To Be the Next Warren Buffett, Don’t Invest Like Buffett

Charlie Munger, Berkshire Hathaway (NYSE: BRK.b) co-chairman and Warren Buffett confidant, offered an honest assessment last week.
Speaking at a Daily Journal Corp. (NASDAQ: DJCO) annual shareholders meeting, Munger said, “I don’t think you’re going to get the kind of results we [Buffett and Munger] got by just doing what we did.”
Munger backed his assessment with a fishing analogy, which I’ll paraphrase: Fish where the fish are. If everyone fishes where the fish are, catching fish becomes increasingly difficult.
The investing connection is easy enough to conjure. If everyone invests in the same companies, generating superior returns becomes increasingly difficult.
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Invest Like Buffett?

I’ll do Munger one better. If Buffett were a fledgling investor today, odds are infinitesimally low that he would grow into the gargantuan fishing outlier we know today.
Sages throughout history have noted the importance of timing. Where you’re born, when you’re born, and to whom you’re born guide the odds for success.
Warren Buffett was born in Omaha, Neb. on Aug. 30, 1930. He was born in a country that rewarded productive enterprise and work. He was born to pragmatic, intelligent parents. He was born at a time when the stock market was democratizing.
The stars were aligned.
The time was right to begin investing. Buffett was also fortunate enough to be born in a less efficient, more exploitable epoch. A curious mind and an enterprising spirit, of which Buffett inarguably possesses both, offered more fishing holes stocked with more fish and more catches.
More fishing holes, to be sure, but not necessarily holes easily fished. Here, I speak from experience, one likely similar enough to Buffett’s initial experience.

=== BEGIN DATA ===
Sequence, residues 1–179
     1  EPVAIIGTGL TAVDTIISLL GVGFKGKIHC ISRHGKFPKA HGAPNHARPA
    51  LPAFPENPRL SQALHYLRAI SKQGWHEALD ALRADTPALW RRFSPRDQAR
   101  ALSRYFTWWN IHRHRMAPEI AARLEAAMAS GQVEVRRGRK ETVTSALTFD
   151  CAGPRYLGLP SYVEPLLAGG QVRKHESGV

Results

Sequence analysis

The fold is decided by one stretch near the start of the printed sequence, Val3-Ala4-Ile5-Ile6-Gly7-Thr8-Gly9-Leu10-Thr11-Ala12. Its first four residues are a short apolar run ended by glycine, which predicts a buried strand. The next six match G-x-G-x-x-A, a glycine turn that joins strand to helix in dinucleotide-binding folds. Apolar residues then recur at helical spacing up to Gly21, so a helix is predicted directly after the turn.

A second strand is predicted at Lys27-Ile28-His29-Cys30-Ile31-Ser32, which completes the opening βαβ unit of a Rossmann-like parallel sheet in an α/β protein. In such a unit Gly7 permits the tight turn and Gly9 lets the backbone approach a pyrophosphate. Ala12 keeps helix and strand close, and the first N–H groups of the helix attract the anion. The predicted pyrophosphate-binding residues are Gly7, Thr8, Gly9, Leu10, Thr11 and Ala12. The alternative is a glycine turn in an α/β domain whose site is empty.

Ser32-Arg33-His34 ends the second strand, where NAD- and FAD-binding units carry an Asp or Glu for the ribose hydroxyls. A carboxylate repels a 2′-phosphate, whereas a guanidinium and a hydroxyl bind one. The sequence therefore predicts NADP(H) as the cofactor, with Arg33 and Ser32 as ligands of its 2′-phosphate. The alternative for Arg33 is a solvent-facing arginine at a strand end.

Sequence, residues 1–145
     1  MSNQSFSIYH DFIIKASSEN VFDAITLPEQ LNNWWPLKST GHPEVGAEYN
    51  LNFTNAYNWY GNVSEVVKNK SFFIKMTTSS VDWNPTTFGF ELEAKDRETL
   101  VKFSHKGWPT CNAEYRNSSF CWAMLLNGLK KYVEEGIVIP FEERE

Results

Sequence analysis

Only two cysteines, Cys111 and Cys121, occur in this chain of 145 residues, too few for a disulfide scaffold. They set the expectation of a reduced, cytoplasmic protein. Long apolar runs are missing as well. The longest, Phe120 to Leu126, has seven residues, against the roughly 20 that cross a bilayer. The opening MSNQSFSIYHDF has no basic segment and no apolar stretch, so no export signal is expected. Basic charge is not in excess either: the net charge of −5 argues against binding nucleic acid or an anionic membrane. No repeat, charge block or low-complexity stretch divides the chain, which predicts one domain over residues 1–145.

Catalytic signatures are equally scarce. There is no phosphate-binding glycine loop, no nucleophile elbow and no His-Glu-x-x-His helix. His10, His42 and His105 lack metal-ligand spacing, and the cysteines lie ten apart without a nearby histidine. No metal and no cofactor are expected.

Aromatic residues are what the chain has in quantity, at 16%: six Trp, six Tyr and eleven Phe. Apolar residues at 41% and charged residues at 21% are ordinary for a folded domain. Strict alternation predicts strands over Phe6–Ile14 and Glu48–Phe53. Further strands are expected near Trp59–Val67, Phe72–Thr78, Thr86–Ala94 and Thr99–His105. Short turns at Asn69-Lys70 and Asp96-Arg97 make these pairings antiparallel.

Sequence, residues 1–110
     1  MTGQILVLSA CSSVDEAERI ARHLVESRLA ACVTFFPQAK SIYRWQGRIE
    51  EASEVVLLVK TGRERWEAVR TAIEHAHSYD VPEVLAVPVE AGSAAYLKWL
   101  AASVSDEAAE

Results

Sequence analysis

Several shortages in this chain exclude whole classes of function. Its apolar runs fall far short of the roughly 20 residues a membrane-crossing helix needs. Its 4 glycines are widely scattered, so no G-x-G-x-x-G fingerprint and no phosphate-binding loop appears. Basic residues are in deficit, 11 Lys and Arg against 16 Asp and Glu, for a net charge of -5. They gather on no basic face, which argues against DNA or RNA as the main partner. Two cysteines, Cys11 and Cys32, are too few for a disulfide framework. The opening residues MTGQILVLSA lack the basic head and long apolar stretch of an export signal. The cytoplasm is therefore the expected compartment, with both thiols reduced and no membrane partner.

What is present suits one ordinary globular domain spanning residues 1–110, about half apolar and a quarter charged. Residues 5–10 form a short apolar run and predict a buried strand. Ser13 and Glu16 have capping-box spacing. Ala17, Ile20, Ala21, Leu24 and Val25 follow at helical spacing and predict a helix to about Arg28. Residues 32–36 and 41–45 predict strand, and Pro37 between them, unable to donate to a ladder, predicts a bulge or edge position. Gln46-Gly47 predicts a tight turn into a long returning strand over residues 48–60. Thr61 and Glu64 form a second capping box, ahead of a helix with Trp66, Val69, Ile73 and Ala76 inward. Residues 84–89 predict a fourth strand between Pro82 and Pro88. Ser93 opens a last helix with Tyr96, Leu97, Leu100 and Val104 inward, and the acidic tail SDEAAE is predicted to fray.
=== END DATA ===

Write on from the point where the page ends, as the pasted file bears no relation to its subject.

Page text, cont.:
I began investing in the 1980s while in college. My investing explorations and research were much more tactile and time-consuming compared to today.
Thirty years ago, I would scour the Wall Street Journal’s stock sheets line by line. I would read the articles printed in the Journal and its sister publication Barron’s stem to stern. I would compile a list of promising stocks along the way.
Then it was off to the college library with my list of promising stocks, written in a composition notebook, to review Standard & Poor’s and Value Line analyses of my list. I would invariably find additional prospects along the way that required research.
Ten hours of work in the 1980s were required to achieve what can be accomplished in 10 minutes today. I view the relative inefficiency fondly, though. Sweat equity was rewarded, and few people relative to the general population are willing to accumulate sweat equity. The fishing holes were more plentiful and more amply stocked.

Lots of Competition

If Buffett were starting today, he would find the competition more plentiful compared to the 1950s and 1960s. Given his intelligence and market insight, I have no doubt a youthful Buffett today would continually reel in the large catches. I have a lot of doubt, though, that he would reel in the string of large catches that would rival the catches reeled in over the past 60 years.
As for the octogenarian Buffett of today, prior investing successes force him to fish the same waters that every retail and institutional investor fishes. No See’s Candies nor Geico insurance reside in Buffett’s future. Buffett’s future is all large-cap, low-growth dividend stocks: Apple (NASDAQ: AAPL), Wells Fargo (NYSE: WFC), Kraft Heinz (NYSE: KHC), Coca-Cola (NYSE: KO), and similar behemoths.
If you want to become the Warren Buffett of tomorrow, you can’t invest like Buffett . . . that is, the Warren Buffett of today.
If the goal is more modest, the reverse is true. You can also invest to outperform Warren Buffett  (or at least outperform the Berkshire Hathaway of today) by investing like Buffett today. To invest like Buffett, buy good businesses at good prices; measure holding periods in years; eschew margin debt; endure looking foolish at times.
But most of all, buy dividend stocks. Buy the dividend stocks, particularly the dividend-growth stocks, unavailable to Berkshire Hathaway. Buffett’s fishing expeditions for Berkshire are limited to oceans. Yours are unlimited. Your advantage is easy enough to exploit.

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